Dave Davis

I wanted to title this book “Misfits.” But co-editor Joan Mazzolini wouldn’t allow it. “Let’s think of something else,” she counseled. Though I use the term with affection and admiration, truth be told there are only 16 misfits in this book. Maybe 17. As for the other contributors, the label would be inaccurate, perhaps even offensive, at least as it’s commonly used.

But although my original title may have been a bit much, I think it captures two important points that I want to make in this introduction. The first is that I believe that good journalism usually is not the product of consensus, of committee, but rather comes from individuals. Reporter driven, as our contributors say. Television commentator David Brinkley bluntly acknowledged the power of the individual in news gathering when he stated, “News is what I say it is.”

Additionally, I believe that good journalists are honest and fair but willing to take risks and pursue the truth no matter where it takes them or who it offends. They aren’t part of the status quo. They question it. They don’t always comfortably fit into the world around them, and often that’s by choice. They are outsiders, to a degree. It’s an important characteristic, I think. That and a sense of humor.

Plain Dealer columnist George E. Condon, in his piece “Adventures in journalism,” put it this way:

Newspapers traditionally have served as havens for men and women who were not completely understood by the outside world; they have provided sanctuary to those who were harassed and pursued by the keepers of the conventions, carefully keeping alive in the editorial rooms the last spark of individuality in a society that grows more regimented by the hour. Sometimes, … the behavior of newsmen may seem anti-social, or irrational to the outside world. It is not. It is simply a manifestation of the creative spirit at work in material surroundings.


Condon penned those words in 1967, and I believe they are true today.

So I let the question of a title roll around in my head for a few weeks. I needed to find something that fit everyone, and that wouldn’t require a long explanation such as the one I just gave. I cracked open a few reference books, talked to Joan and others and even got on the computer and Googled it. Outcasts. Award winners. Truthtellers. Nah. Storytellers. Hellraisers. Straight talkers, hummm, straight talkers. How ‘bout plain dealers.

We settled on “Plain Dealing.”

It’s not as sexy or provocative as “Misfits,” but works well on a couple of different levels. We’re using the title “Plain Dealing” in the original, old-timey sense of the term. A “plain dealer” is a straight shooter, someone who tells it like it is – arguably the most important quality in a journalist. All of our contributors are “plain dealers.”

And yes, everyone in this book – except Louie Seltzer, the legendary and sometimes controversial editor of The Cleveland Press – worked at The Plain Dealer, the newspaper that was my home for 24 years. So, there is that connection as well. For some, their time at the PD was just a matter of months, while for others it was most or all of their career.

What we’re offering you is simply a book of stories, many never told before. These stories begin in the 1950s and go up to 2013, covering the post-World War II era through the days when Cleveland was a three daily newspaper city, then two, then one. The book ends with the mass layoffs and resulting decline that ushered in the digital-first age.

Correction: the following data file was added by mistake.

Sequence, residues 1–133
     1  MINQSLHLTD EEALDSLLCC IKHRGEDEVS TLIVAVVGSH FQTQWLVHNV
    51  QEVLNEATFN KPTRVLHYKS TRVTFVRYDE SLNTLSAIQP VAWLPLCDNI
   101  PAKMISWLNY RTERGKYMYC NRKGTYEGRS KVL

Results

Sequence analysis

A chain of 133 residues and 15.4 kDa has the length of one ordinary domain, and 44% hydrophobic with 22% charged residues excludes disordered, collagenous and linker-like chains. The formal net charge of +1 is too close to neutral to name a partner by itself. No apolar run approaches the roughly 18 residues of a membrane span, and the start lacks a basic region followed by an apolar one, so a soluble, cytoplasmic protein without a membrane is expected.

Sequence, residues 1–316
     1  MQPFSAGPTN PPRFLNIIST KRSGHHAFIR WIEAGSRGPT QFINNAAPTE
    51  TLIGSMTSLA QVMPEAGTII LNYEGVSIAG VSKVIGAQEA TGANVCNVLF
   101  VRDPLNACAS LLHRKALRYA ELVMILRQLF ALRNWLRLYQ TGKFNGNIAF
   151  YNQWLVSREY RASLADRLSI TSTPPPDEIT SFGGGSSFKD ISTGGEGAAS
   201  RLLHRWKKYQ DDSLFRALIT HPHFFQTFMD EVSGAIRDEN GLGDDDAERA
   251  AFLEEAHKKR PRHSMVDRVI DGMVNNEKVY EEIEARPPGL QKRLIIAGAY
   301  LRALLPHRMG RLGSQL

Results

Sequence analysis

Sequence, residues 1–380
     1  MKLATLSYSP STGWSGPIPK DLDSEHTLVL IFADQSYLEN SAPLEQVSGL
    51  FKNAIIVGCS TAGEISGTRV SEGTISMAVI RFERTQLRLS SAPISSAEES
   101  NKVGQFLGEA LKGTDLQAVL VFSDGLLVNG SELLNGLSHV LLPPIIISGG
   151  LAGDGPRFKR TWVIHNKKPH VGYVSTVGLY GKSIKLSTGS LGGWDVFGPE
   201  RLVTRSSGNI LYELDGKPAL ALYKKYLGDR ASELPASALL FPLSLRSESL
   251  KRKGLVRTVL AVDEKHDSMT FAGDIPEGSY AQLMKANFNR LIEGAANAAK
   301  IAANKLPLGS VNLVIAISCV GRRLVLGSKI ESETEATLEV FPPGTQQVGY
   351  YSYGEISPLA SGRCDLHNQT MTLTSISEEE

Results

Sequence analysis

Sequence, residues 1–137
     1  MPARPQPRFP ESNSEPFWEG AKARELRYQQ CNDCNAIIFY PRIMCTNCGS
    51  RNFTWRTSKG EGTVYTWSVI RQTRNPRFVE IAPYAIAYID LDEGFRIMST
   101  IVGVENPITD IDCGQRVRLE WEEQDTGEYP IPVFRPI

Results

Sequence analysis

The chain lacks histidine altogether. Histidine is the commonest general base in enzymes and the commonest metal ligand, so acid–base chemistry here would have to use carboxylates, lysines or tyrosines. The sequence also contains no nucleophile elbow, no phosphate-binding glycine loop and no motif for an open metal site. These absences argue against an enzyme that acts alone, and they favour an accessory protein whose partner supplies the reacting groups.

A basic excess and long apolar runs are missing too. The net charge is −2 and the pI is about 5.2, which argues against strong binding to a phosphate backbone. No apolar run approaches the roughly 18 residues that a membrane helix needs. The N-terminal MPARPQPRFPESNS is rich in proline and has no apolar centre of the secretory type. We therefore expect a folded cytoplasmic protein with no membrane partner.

Our stories are first-person accounts of life in the newsroom, the issues and events we covered, the characters we worked with and met and ultimately, I believe, journalism in Cleveland. Yes, the spotlight is on The Plain Dealer, but there is substantial ink devoted to The Cleveland News, The Press, The Akron Beacon Journal, and Point of View, the muckraking newsletter published by Roldo Bartimole. (Yes, even Roldo worked at The PD).

So that’s what we have here, for better or worse.

Today – July 31, 2018 – marks the 200th anniversary of the first edition of Cleveland’s first newspaper, the Cleaveland Gazette & Commercial Register. This book is being published by Cleveland State University to celebrate those first plain dealers, who established our profession in what was then a 22-year-old township. Even though Cleveland had fewer than 600 people then, they felt the need for a newspaper. Obviously, someone had something to say.

Since that time, journalism has changed a lot in many ways and not at all in others. Obviously, the means of delivering the news and the tools journalists used to do that have evolved and in this digital age are the topic of much hand-wringing and discussion. But I would argue that the basic principles – accuracy, fairness, thoroughness – are as important today as they were when the first edition of the Gazette & Commercial Register appeared on that hot summer day in 1818. In the end, we are storytellers, the public’s eyes and ears. We tell people what they need to know, entertain them, chronicle their hopes and dreams and stick up for them.

The Cleveland area has a rich and long journalistic history, from the radio and television stations, to the feisty Akron Beacon Journal, the Knight Newspaper Company’s flagship newspaper, to The Plain Dealer, The Cleveland Press, The News, The Call & Post, the Catholic Universe Bulletin, and some very fine community newspapers. Writing a meaningful account of them would take volumes.